and produced in 1909. Significant fluorite production occurred in
1943 when Zuni Milling Co. (formerly Navajo Fluorspar Mines)
opened a fluorspar mill in Los Lunas.
Fluorite veins are found along north-trending, steeplydipping faults and fracture zones in Proterozoic and Permian
rocks in three areas (Rothrock et al., 1946; Goddard, 1966): 1)
Mirabel mine near Diener, 2) northeast of Paxton Springs in
T10N, R11W and 3) sections 21 and 27 mines in southeastern
Zuni Mountains. Most fluorite veins are in Proterozoic Zuni or Mt.
Sedgwick granites, but a few veins cut sandstones of the Permian
Abo Formation (Rothrock et al., 1946; Peters, 1958; Goddard,
1966; Williams, 1966; V.T.M. field notes). Locally, Quaternary
basalt flows covered fluorite veins. Fluorite veins do not cut the
basaltic lava (Rothrock et al., 1946: V.T.M. field notes), indicating that the fluorite veins are older than the basalt flows. Green,
purple, colorless, and pink fluorite is found as open-space fillings
with minor replacements and cementation of brecciated zones.
Massive, crystalline fluorite is found in veins up to 0.5 m thick. A
few veins are over 300 m long and have been explored to only a
couple of hundred meters deep. The veins contain predominantly
fluorite with varying amounts of calcite, quartz, aragonite, and
wallrock fragments. Hematite alteration is common producing
a reddening of the adjacent granite. Sulfide minerals are rare,
although trace amounts of sphalerite, galena, and chalcopyrite
are found in the Section 21 and 27 mines (Goddard, 1966). Barite
is found locally in trace amounts, although a barite vein, up to
30 cm wide and a few hundred meters long, is found near the
Mirabel mine near Diener and contained 78% BaSO4 and some
fluorite and malachite (Table 2, no. 8812).
The grade of fluorspar varies throughout the district with the
highest grades (85-93% fluorite) in the Sections 21 and 27 mines.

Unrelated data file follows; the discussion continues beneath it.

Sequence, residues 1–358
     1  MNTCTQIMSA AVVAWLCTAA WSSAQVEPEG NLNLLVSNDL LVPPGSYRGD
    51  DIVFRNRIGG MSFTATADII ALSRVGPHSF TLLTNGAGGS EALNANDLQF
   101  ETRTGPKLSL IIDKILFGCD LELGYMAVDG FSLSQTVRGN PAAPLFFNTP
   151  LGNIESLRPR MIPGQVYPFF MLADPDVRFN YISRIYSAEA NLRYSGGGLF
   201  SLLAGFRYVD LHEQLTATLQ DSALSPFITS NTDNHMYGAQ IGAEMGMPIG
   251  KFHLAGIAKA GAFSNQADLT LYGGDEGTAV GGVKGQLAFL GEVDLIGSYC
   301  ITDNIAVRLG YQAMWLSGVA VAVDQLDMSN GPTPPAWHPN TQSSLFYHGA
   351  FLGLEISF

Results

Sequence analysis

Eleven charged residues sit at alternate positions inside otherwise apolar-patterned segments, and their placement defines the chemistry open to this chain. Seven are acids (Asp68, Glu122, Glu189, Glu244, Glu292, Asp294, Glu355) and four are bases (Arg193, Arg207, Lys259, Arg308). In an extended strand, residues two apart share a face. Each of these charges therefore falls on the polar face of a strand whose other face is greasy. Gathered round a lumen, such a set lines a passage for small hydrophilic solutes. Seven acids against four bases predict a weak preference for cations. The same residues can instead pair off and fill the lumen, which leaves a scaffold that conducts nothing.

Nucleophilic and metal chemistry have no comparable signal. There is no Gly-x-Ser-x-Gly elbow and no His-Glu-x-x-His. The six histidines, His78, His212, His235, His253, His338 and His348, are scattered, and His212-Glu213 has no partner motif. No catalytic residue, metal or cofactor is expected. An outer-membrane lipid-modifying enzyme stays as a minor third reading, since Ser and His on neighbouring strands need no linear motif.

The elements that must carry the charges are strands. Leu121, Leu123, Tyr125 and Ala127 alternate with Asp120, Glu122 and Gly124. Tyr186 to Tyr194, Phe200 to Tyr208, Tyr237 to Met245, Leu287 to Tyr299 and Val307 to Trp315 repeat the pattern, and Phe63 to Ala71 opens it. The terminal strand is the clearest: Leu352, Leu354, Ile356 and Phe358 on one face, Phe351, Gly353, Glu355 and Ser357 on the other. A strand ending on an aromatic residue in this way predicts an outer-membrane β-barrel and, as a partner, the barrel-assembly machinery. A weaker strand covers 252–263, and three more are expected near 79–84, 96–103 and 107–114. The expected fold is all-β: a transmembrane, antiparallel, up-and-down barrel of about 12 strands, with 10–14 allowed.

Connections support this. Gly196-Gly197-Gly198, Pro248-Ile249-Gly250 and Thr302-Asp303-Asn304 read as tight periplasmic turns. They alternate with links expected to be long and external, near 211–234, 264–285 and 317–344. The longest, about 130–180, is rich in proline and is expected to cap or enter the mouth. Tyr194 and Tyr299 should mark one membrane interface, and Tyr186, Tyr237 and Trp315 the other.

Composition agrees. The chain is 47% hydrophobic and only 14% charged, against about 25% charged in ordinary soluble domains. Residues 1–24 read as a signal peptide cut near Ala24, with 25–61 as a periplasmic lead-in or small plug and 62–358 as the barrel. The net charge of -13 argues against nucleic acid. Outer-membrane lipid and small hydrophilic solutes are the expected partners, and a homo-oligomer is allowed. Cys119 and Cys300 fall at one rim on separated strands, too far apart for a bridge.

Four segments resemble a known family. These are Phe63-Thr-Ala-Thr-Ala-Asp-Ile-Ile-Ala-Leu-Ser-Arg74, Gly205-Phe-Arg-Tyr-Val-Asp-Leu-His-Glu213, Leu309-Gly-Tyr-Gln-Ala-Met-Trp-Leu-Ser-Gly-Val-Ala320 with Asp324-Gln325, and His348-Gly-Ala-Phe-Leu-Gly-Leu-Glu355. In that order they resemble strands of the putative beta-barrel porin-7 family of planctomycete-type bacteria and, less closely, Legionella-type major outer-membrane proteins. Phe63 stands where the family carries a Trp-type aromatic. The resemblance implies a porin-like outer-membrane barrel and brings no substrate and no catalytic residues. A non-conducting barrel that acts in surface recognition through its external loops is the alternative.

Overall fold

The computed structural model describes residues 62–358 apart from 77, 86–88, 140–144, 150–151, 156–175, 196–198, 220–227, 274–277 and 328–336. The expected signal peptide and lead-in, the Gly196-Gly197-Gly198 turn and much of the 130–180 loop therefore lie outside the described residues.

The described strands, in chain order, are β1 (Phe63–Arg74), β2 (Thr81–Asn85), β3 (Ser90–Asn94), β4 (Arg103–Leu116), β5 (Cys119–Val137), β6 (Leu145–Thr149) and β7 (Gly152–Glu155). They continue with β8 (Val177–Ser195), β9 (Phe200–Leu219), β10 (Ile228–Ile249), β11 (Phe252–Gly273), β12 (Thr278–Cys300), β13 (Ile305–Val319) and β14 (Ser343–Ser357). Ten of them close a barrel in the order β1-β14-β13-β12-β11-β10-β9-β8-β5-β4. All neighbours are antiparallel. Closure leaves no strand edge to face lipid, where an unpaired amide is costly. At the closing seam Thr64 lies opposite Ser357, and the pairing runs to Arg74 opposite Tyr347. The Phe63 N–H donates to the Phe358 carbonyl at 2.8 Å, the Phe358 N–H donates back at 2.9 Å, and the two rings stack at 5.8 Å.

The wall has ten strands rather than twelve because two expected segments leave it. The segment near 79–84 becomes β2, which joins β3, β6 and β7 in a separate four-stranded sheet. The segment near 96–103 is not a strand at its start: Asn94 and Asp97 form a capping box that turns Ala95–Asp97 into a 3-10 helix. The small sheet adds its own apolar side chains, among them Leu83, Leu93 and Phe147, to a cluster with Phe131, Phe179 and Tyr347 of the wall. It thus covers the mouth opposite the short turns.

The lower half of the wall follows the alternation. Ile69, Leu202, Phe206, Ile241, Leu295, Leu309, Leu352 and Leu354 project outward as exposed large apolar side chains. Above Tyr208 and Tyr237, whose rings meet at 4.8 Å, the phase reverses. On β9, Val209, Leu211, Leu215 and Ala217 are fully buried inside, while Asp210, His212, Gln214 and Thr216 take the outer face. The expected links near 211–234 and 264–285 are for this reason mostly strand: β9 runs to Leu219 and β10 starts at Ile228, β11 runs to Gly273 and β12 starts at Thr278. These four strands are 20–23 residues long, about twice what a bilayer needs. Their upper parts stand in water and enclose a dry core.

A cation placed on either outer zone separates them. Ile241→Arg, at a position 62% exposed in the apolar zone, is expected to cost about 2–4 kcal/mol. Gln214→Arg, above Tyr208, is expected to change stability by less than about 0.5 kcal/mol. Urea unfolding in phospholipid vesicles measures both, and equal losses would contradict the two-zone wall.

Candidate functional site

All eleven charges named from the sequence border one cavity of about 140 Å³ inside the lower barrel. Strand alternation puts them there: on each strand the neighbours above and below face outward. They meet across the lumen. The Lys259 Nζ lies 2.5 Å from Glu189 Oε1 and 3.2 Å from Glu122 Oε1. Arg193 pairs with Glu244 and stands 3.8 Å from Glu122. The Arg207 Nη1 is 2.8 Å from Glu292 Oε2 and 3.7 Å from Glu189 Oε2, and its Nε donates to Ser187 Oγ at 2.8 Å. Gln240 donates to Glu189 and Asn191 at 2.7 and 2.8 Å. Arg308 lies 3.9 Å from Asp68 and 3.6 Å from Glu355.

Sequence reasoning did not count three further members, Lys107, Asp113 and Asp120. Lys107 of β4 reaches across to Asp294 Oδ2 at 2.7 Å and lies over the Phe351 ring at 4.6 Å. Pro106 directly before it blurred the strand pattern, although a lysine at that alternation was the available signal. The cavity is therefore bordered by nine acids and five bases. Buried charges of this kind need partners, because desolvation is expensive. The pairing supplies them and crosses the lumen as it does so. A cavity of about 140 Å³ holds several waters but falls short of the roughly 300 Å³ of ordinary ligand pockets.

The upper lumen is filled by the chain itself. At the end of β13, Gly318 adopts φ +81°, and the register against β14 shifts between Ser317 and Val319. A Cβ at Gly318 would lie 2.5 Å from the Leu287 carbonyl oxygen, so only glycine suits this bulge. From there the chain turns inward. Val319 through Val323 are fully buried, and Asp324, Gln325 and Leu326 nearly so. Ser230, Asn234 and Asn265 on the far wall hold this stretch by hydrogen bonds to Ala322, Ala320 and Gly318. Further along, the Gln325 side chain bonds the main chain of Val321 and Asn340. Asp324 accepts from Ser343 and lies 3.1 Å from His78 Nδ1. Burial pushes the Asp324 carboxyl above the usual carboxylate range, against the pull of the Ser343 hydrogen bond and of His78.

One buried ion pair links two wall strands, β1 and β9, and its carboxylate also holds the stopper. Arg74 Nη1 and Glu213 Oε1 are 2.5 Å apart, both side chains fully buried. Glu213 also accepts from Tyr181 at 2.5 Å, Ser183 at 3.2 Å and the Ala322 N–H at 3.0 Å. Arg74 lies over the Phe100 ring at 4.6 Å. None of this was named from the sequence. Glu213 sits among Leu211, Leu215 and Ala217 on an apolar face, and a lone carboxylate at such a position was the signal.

Production varied from 17 to 86% CaF2. Most fluorite veins do
not have any precious- or base-metals, but two samples collected
contained up to 133 ppm Ag and 1.88 ppm Au (Table 2). Rare
earth (REE) minerals, likely bastnaesite, are reported in some
fluorite veins (Zandra et al., 1952; Emanuel, 1982). The best
concentrated sample contained 68% TREO (total rare earth
oxides; Zandra et al., 1952) and could have included ore from the
Gallinas Mountains.
Several studies have suggested that the Zuni Mountain fluorspar deposits are similar in origin and age as the uranium-fluorite
McLEMORE
138
deposits found in the Todilto limestone in the Ambrosia Lake
subdistrict of the Grants uranium district (Emanuel, 1982;
Gilkey, 1953; Rapaport et al., 1952; Peters, 1956; Gableman,
1956; McLaughlin, 1963). Primary ore minerals in the Todilto
deposits include uraninite, coffinite, and blue-black vanadium
minerals, with accessory calcite, fluorite and barite. The disseminated and replacement fluorite found in the Todilto uranium
deposits is quite different in character compared to the massive,
structurally-controlled fluorite veins in the Zuni Mountains. The
Todilto fluorite is typically found as small crystals or replacements in the limestone and is purple or colorless. The age of primary Todilto mineralization is estimated at 150-155 Ma based
on concordant and nearly concordant U/Pb ages for uraninite
(Berglof, 1989; McLemore, 2011a). The fluorite was deposited
at the same time as the uranium minerals by uraniferous waters
derived from a highland to the southwest migrated through
the Entrada Sandstone. These waters were then drawn into the
Todilto limestone through evapotranspiration or evaporative
pumping. Uranium and fluorite precipitated in the presence of
organic material within the intraformational folds and associated
fractures and dissolution cavities in the limestone (Berglof, 1989;
McLemore, 1983, 2011a).
North and McLemore (1986), McLemore et al. (1998), and
McLemore (2001) suggested that the Zuni Mountains fluorite
deposits are Rio Grande rift (RGR) deposits formed by lowtemperature formation waters or basinal brines found within the
Rio Grande rift and are similar to Mississippi Valley-type (MVT)
deposits. Recent work by Partey et al. (2009) suggest that fluorite deposits in southern New Mexico are indeed related to the
Rio Grande rift and the source of fluorine is consistent with an
asthenospheric magma. The mafic magma body beneath the Zuni